Learning lessons from the past help us move forward

July 13, 2011|By SPENCE PERRY

It is a workday morning in the mid-80s in an auditorium on the campus of the Industrial College of the Armed Forces at Fort McNair in Washington, D.C. Students gather for an exercise.

 The seats are full, the class consists of rising colonels, captains, foreign service officers and federal senior executives eager for the day.

 The presiding faculty member announces the morning’s topic: “Today we are going to have a story and then discussion.”

 The lights dim, a screen descends from the ceiling, a movie appears. Black and white — the title appears: “A Trip to Abilene.”

 Fade in: a farm family sitting on their porch on a summer Sunday afternoon: Checkers, knitting, reading, quiet talk, children playing, all content.

 Someone in the family group, it is not clear who, suggests that it is a good day for a trip to Abilene for dinner. There is soon pile-on agreement that this is a great idea. The family gathers their purses, sunglasses and other necessaries and pile into the family sedan, one of the bulbous, but roomy 1950 four-door cars — you can almost feel the scratchy wool plush seats.

 Off they go down two-lane blacktop, talking excitedly, miles of rolling Kansas prairie flash by — suddenly there is a loud bang, the car begins to lurch — a blow out! Everyone out of the car and onto the shoulder while the men (in dress-up coat and tie) change the tire. Back in the car and under way as before.

 It is getting hot, the afternoon is escaping, and then steam from under the hood — radiator boils over, stop, out of the car, haul up water from a stock pond. Back in the car, gently limping into Abilene to a filling station (miraculously open on a summer Sunday afternoon).

 Continue to the restaurant: Closed. No one had called ahead.

 The only course is to head back to the farm in resentful silence.

 Once home, sitting on the porch, anger, frustration and unhappiness are unleashed. “Why did we go to Abilene?” “Whose idea was it anyway?” “Look at the time and money wasted.” “We would have been better off staying here.”

 We are left with the family looking out into the distance, quiet, a little sullen, night falling rapidly.

 The lights come up and the early-middle-aged folks who would soon have a powerful hand in leading the nation began to reflect.

 “Well, of course, the mission was not clearly thought out, and no alternatives were considered.”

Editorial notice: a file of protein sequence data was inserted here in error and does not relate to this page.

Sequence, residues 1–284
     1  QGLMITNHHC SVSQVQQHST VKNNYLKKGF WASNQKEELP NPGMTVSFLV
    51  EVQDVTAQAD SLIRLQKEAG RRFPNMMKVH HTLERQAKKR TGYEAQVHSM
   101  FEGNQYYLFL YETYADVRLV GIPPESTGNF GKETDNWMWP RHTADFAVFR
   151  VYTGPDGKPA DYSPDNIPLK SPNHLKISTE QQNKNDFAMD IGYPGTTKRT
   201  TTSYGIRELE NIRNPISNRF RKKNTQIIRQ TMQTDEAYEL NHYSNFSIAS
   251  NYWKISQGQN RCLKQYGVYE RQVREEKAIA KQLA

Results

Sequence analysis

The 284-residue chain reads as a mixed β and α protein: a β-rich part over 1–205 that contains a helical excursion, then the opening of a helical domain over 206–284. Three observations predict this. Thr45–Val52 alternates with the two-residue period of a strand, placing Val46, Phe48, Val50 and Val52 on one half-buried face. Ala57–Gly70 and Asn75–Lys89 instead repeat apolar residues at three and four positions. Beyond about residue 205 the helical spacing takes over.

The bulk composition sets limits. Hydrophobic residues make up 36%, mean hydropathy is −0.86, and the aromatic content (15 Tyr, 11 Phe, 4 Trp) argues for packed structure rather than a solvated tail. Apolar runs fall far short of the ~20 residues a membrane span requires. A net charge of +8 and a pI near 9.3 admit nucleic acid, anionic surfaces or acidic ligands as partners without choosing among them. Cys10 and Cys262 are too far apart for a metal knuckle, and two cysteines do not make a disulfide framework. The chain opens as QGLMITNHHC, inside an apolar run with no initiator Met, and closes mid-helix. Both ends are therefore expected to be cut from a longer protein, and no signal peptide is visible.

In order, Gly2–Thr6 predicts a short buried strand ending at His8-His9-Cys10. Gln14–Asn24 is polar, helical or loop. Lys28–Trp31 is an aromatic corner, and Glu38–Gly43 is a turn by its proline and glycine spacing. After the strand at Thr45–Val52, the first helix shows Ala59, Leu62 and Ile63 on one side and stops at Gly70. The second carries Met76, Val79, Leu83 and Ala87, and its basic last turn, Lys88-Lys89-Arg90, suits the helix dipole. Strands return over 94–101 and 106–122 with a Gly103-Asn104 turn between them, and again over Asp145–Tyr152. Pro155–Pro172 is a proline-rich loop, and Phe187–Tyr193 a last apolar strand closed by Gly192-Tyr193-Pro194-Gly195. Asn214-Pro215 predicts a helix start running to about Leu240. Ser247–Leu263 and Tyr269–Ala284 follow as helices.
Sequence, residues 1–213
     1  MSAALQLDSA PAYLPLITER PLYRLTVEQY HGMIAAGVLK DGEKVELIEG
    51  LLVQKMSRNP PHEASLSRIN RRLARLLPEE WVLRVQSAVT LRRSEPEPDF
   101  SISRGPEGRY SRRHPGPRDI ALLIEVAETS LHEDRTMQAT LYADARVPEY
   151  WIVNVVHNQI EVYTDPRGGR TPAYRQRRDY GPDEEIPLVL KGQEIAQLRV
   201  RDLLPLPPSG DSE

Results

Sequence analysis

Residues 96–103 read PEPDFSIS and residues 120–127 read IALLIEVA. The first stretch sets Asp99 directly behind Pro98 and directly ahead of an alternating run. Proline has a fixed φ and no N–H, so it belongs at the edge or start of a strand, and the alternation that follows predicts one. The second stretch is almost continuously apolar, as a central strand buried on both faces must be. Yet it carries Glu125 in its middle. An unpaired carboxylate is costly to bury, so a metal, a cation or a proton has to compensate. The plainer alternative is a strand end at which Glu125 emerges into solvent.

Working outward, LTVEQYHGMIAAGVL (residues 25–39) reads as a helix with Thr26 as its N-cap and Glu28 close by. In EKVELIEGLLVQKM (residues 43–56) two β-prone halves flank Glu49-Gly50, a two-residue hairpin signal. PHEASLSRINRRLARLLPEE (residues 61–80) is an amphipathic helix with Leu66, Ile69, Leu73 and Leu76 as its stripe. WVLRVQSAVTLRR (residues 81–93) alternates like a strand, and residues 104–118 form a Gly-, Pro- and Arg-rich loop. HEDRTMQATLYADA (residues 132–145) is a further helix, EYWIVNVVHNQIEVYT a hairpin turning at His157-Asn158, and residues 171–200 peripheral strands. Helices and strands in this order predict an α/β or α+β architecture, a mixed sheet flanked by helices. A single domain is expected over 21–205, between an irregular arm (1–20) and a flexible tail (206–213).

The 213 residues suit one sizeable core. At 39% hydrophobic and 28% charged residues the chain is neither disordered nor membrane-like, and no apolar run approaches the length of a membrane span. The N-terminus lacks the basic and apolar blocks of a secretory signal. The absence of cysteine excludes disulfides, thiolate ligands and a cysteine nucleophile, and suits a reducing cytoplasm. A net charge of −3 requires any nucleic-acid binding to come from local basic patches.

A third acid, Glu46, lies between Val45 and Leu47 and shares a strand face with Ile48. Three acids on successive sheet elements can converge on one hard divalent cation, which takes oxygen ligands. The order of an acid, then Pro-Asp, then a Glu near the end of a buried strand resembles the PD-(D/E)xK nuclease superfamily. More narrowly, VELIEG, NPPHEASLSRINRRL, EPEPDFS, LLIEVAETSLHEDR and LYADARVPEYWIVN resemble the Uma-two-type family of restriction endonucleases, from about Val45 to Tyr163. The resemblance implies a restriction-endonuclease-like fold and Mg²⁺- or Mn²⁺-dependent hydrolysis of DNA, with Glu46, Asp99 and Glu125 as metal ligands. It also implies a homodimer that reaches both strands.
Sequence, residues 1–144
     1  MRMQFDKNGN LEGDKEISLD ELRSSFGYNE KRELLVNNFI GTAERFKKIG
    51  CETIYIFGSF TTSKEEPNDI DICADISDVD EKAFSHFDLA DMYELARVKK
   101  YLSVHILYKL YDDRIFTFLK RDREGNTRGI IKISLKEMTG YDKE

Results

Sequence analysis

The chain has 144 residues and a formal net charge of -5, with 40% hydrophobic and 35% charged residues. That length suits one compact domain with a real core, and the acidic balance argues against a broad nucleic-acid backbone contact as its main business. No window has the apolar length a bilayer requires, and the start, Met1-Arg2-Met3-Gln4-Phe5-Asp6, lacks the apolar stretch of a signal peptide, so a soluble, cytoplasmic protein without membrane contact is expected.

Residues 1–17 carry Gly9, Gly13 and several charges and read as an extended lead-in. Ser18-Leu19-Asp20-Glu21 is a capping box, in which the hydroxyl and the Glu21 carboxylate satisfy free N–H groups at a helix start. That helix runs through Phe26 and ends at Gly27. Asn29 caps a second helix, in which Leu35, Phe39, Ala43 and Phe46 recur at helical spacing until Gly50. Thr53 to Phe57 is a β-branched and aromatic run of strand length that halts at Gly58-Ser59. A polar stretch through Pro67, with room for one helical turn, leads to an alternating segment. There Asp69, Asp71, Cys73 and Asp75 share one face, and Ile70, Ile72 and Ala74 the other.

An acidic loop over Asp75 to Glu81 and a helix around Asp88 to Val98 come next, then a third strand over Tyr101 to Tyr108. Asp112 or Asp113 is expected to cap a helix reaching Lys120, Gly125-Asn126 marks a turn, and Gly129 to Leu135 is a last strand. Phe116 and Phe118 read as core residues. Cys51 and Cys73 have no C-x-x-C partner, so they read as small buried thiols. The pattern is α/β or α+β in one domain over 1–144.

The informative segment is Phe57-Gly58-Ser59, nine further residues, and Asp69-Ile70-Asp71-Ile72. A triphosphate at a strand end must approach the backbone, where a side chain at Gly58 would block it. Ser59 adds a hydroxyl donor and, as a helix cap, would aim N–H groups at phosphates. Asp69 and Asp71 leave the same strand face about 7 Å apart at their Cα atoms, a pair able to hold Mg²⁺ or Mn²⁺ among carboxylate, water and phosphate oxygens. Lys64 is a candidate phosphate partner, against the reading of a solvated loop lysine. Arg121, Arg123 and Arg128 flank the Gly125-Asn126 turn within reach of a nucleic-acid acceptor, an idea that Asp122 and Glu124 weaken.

“The intelligence was poor, no one checked on the restaurant. That might have aborted the whole effort.”

 “They had equipment failures they could have aborted, but they did show real initiative coping with the “situation.”

 “There was no after action “hot wash” or analysis, this may cause them to do the same thing again.”

 After an hour of analysis and comment it was time for lunch and the students emerged into the brilliant sunlight of an early full morning, headed for the Officer’s Club buffet.

 How much of the exercise did they retain? Judging by our recent diplomatic and military history and our ongoing economic melodrama, perhaps not much. Or, perhaps they were not listened to by their political leaders who usually have had no exposure to this kind of education.

 Perhaps most of them did not pay attention. They may have doodled or played with their watches, slept. Given this vast increase in electronic entertainment possibilities, I suspect present students are twittering or texting this lesson away.

 Here we have people being given the opportunity to learn a key lesson about their trade and yet, it seems to pass them by. It thus becomes necessary to “get” the lesson at a later time in great pain and cost further down the road, when lives, really big money and national honor are at stake.

 A new policy or a new program is like a trip — you need to be sure why you want to go there, what the hazards are and what are the potential costs of failure. Once the trip is over, win or lose, we must look at where we have been, where we have come to and what the lessons are.

 It is not too late to rewind the movie and watch again. We will always face the prospects of new journeys and it is clear we need to become better travelers.

Spencer Perry is a resident of Fulton County, Pa., who remains active in Washington County affairs. He studied and taught at the Industrial College of the Armed Forces in the 1980s.

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